Supermarket giant Tesco offered today to pay youngsters on a Government work experience scheme amid continuing controversy over the programme.
One of the firm's supermarkets in central London was forced to close on Saturday after it was invaded by members of the Right to Work campaign who said they were angry at a job advert looking for permanent workers in exchange for expenses and Jobseeker's Allowance.
The group said it planned to hold protests tomorrow at a number of Tesco stores, including two in London and one in Kingston upon Thames.
Tesco announced that from now on any young person accepted for work experience with the company will be offered a choice of participating in the Government scheme, which protects their benefits for the duration of the four-week placement, or be paid by Tesco for the four-week placement, with a guaranteed permanent job at the end of it, provided they complete the placement satisfactorily.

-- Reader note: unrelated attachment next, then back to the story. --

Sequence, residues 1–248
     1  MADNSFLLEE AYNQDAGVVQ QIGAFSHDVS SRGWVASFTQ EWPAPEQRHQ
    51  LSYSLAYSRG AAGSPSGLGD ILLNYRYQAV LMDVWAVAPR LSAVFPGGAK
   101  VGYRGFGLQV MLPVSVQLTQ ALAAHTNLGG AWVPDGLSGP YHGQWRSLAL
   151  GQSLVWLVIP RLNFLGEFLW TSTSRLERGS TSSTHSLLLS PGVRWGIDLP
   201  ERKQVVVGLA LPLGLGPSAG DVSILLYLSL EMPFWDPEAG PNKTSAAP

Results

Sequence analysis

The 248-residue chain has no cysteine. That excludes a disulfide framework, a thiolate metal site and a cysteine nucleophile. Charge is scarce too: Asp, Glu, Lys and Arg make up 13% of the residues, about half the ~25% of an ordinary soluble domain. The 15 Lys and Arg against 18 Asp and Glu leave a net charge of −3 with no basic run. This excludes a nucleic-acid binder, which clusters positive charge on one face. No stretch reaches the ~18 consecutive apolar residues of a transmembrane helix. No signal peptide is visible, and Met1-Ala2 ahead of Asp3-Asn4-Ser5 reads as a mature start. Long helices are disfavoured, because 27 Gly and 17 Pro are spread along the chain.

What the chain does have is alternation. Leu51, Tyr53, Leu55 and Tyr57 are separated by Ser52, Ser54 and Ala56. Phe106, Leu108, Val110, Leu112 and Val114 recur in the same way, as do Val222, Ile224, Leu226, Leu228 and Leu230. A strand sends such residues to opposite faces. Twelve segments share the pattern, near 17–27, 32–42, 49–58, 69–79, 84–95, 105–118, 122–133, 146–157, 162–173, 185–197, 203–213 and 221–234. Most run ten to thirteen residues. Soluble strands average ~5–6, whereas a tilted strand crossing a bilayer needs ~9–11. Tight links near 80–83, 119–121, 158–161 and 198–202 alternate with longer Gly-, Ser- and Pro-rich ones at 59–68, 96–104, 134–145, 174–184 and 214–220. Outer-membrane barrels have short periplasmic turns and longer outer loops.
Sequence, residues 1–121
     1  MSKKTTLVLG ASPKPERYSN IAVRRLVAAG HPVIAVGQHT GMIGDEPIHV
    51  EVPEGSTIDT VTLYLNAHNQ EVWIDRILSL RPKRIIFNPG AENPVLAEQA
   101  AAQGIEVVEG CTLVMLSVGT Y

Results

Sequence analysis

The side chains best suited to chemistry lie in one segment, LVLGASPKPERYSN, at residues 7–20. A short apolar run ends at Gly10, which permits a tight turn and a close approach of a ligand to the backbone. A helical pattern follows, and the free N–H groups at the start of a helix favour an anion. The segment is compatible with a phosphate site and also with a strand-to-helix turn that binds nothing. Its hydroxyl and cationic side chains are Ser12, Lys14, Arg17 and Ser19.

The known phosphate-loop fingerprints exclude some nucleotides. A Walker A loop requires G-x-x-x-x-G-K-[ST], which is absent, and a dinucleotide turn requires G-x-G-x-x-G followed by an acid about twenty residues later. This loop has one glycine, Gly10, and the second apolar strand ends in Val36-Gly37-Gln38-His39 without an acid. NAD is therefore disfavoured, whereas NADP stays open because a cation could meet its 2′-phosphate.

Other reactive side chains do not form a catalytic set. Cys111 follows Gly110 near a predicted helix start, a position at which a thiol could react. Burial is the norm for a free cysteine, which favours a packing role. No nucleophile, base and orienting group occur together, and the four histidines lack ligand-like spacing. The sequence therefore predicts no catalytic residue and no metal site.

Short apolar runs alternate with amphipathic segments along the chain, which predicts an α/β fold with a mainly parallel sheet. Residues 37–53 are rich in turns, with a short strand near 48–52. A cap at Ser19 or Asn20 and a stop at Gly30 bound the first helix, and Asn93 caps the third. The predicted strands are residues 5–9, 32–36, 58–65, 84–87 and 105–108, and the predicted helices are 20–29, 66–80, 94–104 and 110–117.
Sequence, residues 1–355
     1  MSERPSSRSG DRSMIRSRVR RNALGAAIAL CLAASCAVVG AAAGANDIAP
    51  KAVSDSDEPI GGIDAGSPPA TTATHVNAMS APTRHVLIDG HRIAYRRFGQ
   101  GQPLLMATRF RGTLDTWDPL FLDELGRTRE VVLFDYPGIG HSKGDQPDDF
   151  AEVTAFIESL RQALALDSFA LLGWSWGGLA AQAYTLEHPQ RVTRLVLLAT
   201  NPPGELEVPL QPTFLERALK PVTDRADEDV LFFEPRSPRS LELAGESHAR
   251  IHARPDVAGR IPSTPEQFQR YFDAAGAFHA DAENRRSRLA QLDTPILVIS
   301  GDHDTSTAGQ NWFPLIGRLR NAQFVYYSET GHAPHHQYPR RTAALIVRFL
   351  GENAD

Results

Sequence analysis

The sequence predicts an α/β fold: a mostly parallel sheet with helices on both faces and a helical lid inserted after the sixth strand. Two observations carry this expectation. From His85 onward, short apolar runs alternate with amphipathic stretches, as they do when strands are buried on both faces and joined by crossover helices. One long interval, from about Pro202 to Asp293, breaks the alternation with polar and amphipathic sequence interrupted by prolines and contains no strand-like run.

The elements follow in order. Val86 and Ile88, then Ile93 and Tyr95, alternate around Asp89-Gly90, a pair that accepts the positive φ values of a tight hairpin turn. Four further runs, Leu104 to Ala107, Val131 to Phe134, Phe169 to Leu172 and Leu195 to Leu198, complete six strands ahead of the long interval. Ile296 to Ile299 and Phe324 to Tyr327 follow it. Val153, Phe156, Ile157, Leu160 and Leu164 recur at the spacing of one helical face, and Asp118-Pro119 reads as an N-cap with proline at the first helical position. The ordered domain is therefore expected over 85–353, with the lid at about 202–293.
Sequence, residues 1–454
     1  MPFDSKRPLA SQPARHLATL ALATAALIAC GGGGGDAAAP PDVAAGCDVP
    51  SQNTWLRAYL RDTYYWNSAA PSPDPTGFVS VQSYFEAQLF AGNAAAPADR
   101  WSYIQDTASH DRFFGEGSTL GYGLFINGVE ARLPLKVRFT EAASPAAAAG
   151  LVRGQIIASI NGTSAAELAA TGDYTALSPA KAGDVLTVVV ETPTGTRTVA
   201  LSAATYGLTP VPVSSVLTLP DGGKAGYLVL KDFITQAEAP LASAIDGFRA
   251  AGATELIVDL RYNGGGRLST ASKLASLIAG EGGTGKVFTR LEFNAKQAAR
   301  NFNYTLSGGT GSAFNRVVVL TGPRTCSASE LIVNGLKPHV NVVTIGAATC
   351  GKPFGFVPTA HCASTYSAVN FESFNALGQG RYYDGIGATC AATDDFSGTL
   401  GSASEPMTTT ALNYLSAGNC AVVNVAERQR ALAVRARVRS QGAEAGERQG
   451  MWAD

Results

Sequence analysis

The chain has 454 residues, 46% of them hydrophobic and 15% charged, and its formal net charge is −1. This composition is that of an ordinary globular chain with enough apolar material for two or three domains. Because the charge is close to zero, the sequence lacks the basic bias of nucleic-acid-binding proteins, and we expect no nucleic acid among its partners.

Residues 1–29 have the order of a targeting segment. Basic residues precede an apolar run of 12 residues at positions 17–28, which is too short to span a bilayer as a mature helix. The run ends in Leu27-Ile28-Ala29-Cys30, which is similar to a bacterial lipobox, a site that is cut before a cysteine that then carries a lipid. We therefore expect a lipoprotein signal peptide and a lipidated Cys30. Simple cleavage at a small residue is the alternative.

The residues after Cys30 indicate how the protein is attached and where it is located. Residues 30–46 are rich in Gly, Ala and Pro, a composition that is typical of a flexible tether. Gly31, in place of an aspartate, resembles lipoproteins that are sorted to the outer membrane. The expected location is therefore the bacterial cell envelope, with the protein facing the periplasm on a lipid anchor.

Tesco has suggested to the Department of Work and Pensions that, to avoid any misunderstanding about the voluntary nature of the scheme, the risk of losing benefits should be removed.
Richard Brasher, chief executive of Tesco, said "We know it is difficult for young people to give up benefits for a short-term placement with no permanent job at the end of it.
"So this guarantee that a job will be available provided the placement is completed satisfactorily should be a major confidence boost for young people wanting to enter work on a permanent basis."
Tesco has committed 3,000 work placements under the Government's work experience scheme, with around half already delivered.
"We will offer the choice of paid work and the jobs guarantee to all of the remaining placements we will deliver under the scheme. Three hundred young people undertaking work experience with Tesco have already found work with us and we are confident that many more will through this approach," the company said.